Temporarily issued from "Cyber El Profe" in Pantepec, Chiapas, MÉXICO

March 2, 2005


Once again I am discovering the therapeutic value of walking. We all know how it tones up the body, but what´s meaningful to me now is how it massages he mind, levels moods and clears the way for incisive thinking and nuanced feeling. Open sky, hot wind, straight road, I go clomp, clomp, clomp, hour after hour, until the days pass like sun- dazzled gossamer streaming past on the wind.

There´s something to be said for staying in one place, having routines and knowing where you´ll sleep tonight. However our culture says that stay-at-home thing until it´s blue in the face, so I´ll say something different, that cutting loose is good, that wandering disreputably is sweet, and that one foot before the other is honest meditation on the Creator´s works.

Jets, trains, buses and cars have their places, but in terms of value to the human spirit they miss the point. There´s more meaningful difference between the north and south sides of a tree trunk than between an alley in Calcutta and an alley in Pittsburgh. Thus even walking is too much of a fast- changing thing, but human spirits are restless so in the end walking is the best compromise.

Hello there sky-high vultures, hello wind and sunlight and heat, hello body feeling itself alive and working OK, hello insect-buzz in the weeds, here I come world clomp, clomp, clomp, smiling at the Tamarind tree down the road, such deep shadows where I shall drink some water and take a nap and dream of walking farther down the road.


For the first time n my life I´ve spent a few days in the presence of a windmill. I stands on four spraddled legs and rises about 45 feet high. The rotating part consists of 18 blades with red- painted outer ends, and there´s a big, red vane behind keeping the whole thing pointed into the wind. Up behind the wheel there are cogs and a piston, and when they move you hear tinny metal clanking. A clear plastic hose runs atop the ground carrying water from the windmill´s storage tank to various groves and gardens, and you can see the water moving inside the hose because bubbles are in it. It´s grand just sitting watching the wind sending water through the long hose.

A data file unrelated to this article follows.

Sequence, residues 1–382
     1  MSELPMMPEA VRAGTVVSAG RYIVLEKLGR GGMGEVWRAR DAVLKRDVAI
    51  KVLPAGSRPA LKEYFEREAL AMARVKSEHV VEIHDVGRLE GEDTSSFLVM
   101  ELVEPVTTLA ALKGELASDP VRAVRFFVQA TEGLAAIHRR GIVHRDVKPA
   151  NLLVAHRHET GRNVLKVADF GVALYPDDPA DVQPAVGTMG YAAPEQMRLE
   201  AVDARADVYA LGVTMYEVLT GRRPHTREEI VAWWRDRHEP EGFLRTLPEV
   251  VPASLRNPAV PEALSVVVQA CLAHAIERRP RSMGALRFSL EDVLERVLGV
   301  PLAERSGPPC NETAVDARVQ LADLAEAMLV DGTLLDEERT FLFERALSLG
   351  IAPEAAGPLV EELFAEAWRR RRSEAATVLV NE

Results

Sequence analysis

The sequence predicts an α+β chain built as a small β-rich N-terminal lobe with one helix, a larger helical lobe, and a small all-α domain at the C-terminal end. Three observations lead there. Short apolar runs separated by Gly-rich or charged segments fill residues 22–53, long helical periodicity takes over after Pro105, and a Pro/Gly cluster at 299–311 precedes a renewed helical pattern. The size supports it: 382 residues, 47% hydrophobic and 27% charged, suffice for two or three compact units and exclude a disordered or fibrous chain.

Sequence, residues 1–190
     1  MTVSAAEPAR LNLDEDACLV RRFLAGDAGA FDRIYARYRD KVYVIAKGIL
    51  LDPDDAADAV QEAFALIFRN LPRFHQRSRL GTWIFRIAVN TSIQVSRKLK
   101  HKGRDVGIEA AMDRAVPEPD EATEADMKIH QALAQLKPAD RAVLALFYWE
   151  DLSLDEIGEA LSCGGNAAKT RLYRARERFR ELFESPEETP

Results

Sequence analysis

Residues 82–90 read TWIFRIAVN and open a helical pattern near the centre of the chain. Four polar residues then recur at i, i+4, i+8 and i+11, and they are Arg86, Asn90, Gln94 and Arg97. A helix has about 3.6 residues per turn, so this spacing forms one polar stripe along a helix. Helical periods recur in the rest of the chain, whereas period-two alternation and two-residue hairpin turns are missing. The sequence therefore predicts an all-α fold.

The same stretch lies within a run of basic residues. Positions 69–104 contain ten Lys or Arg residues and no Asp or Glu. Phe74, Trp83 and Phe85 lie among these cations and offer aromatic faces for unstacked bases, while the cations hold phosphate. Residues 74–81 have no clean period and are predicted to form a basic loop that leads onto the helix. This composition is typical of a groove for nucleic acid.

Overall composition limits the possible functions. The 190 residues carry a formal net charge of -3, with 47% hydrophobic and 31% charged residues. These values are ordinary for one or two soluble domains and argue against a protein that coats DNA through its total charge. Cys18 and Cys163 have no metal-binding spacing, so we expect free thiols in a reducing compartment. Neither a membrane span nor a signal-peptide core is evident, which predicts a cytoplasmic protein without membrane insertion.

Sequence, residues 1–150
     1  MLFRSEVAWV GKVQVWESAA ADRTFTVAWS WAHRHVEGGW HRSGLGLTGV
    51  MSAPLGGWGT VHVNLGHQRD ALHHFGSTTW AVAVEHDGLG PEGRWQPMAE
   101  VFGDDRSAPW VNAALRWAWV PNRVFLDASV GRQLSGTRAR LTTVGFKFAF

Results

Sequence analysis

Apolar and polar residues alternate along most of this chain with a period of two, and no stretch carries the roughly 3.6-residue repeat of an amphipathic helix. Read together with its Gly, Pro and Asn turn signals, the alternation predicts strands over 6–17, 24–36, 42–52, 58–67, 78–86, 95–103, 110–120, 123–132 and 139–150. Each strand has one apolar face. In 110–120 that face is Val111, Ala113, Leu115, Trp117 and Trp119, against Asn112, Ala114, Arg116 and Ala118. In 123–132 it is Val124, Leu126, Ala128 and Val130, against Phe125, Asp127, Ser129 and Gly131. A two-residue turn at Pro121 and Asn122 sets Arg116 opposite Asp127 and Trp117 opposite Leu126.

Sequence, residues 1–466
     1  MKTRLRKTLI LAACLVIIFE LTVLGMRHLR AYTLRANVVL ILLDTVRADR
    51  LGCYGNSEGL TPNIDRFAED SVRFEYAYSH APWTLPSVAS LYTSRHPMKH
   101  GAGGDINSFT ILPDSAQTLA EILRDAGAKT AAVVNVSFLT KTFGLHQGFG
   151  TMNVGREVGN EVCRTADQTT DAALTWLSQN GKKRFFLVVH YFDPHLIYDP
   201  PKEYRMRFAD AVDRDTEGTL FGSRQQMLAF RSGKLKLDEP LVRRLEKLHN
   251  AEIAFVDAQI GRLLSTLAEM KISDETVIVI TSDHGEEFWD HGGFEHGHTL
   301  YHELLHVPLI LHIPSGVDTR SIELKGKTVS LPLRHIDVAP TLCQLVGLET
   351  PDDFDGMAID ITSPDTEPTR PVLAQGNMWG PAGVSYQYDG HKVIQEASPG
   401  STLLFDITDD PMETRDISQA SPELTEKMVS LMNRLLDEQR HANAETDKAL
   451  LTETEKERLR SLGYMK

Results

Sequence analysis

When I was a child in Kentucky it was normal for country folks to set wind vanes atop garden posts. Usually they were no more than a propeller on a stick, with a flat tail at the back end. It was cheering to see the propeller turning, and to keep tabs on which way the wind was blowing. Windmills provide this valuable service, too, only on a much larger scale.

Why did our culture abandon windmills and wind vanes? Or maybe the better way of saying it is this: We know why we abandoned windmills and wind vanes, and isn´t it a shame?


On Sunday, February 20th, I strap on my backpack, hike out of Komchen, and keep heading eastward through Dzemul and beyond, to and through Telchac Pueblo four or five miles away, to Hacienda San Juan. I´m expected there, as friend and webmaster, for San Juan´s owner wants to go into the bed-and- breakfast business, and she needs a webpage. There´s a graceful, old, two-story, columned mansion approached by a road along which stand tall Royal Palms, and there are shady gardens and park-like grounds, and well furnished rooms and bungalows, all that´s need for B&B, except for the tourists, who so far don´t know that Hacienda San Juan exists.